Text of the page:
Who is a good candidate?8

  • Those with corneal scarring that is interfering with the visual axis.
  • Those for whom contact lenses are intolerable or are unable to handle daily lens insertion and removal

Who is a poor candidate?12

  1. Those who can achieve a good visual acuity with glasses or contact lenses
  2. Those with extensive corneal neovascularization.
    • Neovascular vessels introduce immune cells into the cornea, increasing the likelihood of rejection of the corneal transplant. Aggressive immunosuppression may be needed if a transplant is warranted.

4) Intacs

Intacs are intracorneal ring segments (ICRS) made of a plastic material called PMMA (polymethyl methacrylate), that are placed in the corneal stroma at about 75% depth (~400 microns).13,14
The goal of Intac segment placement is to normalize and flatten the corneal surface, reducing irregular astigmatism and improving visual acuity with glasses or contact lenses. The improvement in corneal shape may result in better contact lens tolerance.

Good candidates

Those with central corneal thickness greater than or equal to 400 microns, peripheral corneal thickness around 450 microns, and no corneal scarring.

How does it work?

Intac segments do not halt the progression of keratoconus; however, they do have potential to “normalize” the cornea by redistributing the collagen lamellae in the cornea. The lamellae move towards the peripheral intact segments (steepening) and subsequently flatten the central cornea.
With the advent of new technology for an earlier diagnosis and the advancements of surgical techniques; hopefully, we as practitioners can skillfully and effectively manage our keratoconus patients.


  1. Alhaye K, Lu P. Corneal collagen crosslinking in keratoconus and other eye disease. Int J ophthalmol. 2015;8(2):407-418.
  2. Perez JF, Marcos AV, Pena FJM. Early diagnosis of keratoconus: what difference is it making? Br J Ophthalmol. 2014 Nov; 98(11): 1465 – 1466.
  3. Ucakhan O, Cetinkor V, Ozkan M, Kanpolat A. Evaluation of Scheimpflug imaging parameters in subclinical keratoconus, keratoconus, and normal eyes. J Cataract Refract Surg. 2011; 37:1116-1124.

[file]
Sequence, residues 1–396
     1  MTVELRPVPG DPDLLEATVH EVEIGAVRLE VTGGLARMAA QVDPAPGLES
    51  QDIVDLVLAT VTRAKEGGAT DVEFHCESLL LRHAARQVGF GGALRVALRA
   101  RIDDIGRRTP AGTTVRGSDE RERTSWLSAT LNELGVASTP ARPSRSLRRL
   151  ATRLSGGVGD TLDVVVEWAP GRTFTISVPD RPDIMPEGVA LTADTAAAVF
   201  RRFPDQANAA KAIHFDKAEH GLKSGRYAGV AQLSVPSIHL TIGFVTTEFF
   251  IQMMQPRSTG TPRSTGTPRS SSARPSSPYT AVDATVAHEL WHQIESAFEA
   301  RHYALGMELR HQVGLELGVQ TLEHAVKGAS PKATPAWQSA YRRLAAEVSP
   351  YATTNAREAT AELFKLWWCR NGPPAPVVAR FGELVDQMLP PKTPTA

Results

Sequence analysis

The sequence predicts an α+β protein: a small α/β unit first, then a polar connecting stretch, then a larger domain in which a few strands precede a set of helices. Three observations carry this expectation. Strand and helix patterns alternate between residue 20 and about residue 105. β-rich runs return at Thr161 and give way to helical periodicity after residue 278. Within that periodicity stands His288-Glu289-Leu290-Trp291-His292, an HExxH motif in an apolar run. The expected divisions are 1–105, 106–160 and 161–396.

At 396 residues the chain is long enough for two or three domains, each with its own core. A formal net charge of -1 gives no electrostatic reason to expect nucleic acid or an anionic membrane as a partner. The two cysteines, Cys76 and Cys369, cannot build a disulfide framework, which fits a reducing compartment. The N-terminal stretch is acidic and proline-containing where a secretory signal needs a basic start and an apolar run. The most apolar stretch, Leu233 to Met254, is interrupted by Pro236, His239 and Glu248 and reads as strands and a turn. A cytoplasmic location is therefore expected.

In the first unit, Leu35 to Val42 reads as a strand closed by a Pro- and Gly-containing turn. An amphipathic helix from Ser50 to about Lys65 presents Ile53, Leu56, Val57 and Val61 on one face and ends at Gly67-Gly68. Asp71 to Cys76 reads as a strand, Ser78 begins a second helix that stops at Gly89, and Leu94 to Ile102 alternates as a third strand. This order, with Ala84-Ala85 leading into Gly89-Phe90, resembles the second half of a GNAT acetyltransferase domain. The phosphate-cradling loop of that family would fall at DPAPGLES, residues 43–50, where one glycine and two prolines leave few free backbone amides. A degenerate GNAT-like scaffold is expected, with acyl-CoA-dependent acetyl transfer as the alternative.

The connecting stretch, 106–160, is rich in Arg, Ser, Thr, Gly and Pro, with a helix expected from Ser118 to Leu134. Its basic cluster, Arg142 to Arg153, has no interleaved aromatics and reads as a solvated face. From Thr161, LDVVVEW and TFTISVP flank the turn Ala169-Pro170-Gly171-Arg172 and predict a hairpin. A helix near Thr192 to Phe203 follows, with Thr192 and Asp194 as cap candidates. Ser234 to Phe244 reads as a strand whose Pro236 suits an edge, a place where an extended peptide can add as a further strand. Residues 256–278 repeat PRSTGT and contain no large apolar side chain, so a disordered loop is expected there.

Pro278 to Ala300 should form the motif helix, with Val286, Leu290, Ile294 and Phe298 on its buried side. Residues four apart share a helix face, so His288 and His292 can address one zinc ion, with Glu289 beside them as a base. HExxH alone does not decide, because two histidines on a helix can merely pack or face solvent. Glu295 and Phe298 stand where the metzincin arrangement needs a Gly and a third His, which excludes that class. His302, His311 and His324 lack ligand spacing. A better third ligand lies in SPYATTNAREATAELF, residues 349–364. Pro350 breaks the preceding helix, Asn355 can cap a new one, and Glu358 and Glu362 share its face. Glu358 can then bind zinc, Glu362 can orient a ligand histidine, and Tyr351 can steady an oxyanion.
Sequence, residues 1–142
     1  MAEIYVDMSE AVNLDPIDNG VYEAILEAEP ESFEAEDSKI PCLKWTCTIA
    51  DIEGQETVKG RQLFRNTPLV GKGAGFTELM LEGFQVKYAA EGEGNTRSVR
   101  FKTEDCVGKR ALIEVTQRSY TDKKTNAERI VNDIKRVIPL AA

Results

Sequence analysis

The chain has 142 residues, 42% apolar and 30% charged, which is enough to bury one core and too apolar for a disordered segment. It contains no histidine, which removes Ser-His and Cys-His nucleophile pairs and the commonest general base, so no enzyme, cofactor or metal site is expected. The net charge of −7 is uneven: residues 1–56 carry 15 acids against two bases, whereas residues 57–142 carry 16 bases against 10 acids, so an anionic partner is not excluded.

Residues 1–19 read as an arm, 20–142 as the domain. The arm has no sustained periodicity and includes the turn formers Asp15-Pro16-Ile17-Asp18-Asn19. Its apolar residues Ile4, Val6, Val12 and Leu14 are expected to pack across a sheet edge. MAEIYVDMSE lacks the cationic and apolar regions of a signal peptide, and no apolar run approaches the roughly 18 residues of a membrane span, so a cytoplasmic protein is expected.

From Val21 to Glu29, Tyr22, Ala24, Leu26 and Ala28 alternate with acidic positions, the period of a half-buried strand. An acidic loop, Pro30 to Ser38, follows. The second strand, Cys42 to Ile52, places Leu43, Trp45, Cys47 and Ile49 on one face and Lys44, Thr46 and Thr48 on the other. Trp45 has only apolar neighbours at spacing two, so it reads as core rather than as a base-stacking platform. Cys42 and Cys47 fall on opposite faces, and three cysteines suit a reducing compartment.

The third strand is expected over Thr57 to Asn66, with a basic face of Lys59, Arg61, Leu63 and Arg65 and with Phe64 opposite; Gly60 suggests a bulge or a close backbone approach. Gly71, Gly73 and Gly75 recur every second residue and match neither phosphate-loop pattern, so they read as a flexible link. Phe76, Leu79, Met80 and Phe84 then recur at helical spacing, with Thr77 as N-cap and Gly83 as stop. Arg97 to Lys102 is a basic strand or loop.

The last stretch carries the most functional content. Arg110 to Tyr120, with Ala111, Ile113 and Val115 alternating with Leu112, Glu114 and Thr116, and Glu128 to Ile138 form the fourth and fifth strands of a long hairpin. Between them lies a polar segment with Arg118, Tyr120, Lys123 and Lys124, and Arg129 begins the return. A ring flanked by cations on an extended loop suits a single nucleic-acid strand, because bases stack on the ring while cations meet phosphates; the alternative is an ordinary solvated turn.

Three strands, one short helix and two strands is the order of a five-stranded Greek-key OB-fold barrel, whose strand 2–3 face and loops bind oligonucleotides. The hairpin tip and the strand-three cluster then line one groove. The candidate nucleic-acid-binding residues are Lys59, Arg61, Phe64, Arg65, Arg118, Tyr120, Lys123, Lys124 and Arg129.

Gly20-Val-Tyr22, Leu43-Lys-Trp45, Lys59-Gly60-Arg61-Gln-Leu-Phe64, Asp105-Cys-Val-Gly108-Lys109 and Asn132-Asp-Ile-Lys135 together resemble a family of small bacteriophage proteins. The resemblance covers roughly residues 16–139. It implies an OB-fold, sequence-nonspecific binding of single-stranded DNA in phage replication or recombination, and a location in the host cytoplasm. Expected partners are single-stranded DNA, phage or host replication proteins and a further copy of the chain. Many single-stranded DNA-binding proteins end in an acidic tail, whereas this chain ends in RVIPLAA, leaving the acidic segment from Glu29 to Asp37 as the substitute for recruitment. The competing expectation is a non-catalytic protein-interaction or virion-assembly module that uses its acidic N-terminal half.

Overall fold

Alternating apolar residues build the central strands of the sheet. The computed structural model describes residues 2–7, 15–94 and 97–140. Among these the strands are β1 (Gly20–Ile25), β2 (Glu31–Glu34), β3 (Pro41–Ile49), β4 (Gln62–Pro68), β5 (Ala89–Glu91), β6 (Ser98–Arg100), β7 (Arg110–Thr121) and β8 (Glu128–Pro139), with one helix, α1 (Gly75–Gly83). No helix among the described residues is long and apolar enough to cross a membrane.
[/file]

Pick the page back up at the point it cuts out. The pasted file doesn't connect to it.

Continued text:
4. Vega-Estrada A, Alio J, Plaza-Puche A. Keratoconus progression after instrastromal corneal ring segment implantation in young patients: Five-year follow-up. J Cataract Refract Surg. 2011;37:1145-1152.
  5. Temstet C, Sandali O, Boucheraoua N, Hamiche T, Galan A, et al. Corneal epithelial thickness mapping using Fourier-domain optical coherence tomography for detection of form fruste keratoconus. J Cataract Refract Surg. 2015 Apr;41(4):812-20.
  6. Vazirani J, Basu S. Keratoconus: current perspectives. Clin ophthalmol. 2013;7:2019-2030.
  7. Raiskup F, Theuring A, Pillunat L, Spoerl E. Corneal collagen crosslinking with riboflavin and ultraviolet-A light in progressive keratoconus: Ten-year results. J Cataract Refract Surg. 2015;41:41-46.
  8. Parker J, Dijk K, Melles G. Treatment options for advanced keratoconus: A review. Survey of Ophthalmology. 2015;60:459-480.
  9. Koller T, Mrochen M, Seiler T. Complication and failure rates after corneal crosslinking. J Cataract Refract Surg. 2009 Aug;35(8):1358-62.
  10. Raiskup-Wolf F, Hoyer A, Spoerl E, Pillunat LE. Collagen corsslinking with riboflavin and ultraviolet-A light in keratoconus: Long-term results. J Cataract Refract Surg. 2008; 34(5):796-801.
  11. Jankov MR, Hafezi F, Beko M. Ignajotovic Z, Djorovic B et al. Cross-linking for the treatment of keratoconus: preliminary results. Arq Bras Aftalmol. 2008;71(6):813-818.
  12. NEI Support for Corneal Transplantation. National Eye Institute. Accessed 26 February 2016.
  13. Kapasi M, Rocha G. Comparison of visual and refractive outcomes following Intacs implantation in keratoconus eyes with central and eccentric cones. Can J ophthalmol 2012;47:354-359.
  14. Fahd DC, Alameddine RM, Masser M, Awwad S. Refractive and topographic effects of single-segment intrastromal corneal ring segments in eyes with moderate to severe keratoconus and inferior cones. J Cataract Refract Surg 2015;41:1434-1440.
Caitlin Morrison, OD, FAAO, FSLS
About Caitlin Morrison, OD, FAAO, FSLS

Dr. Morrison is residency trained in cornea and contact lens and is the owner of In Focus: Specialty Contact Lens & Vision Solutions, a private practice in Scottsdale, Arizona specializing in contact lenses for advanced ocular conditions and comprehensive care for difficult visual cases.

Caitlin Morrison, OD, FAAO, FSLS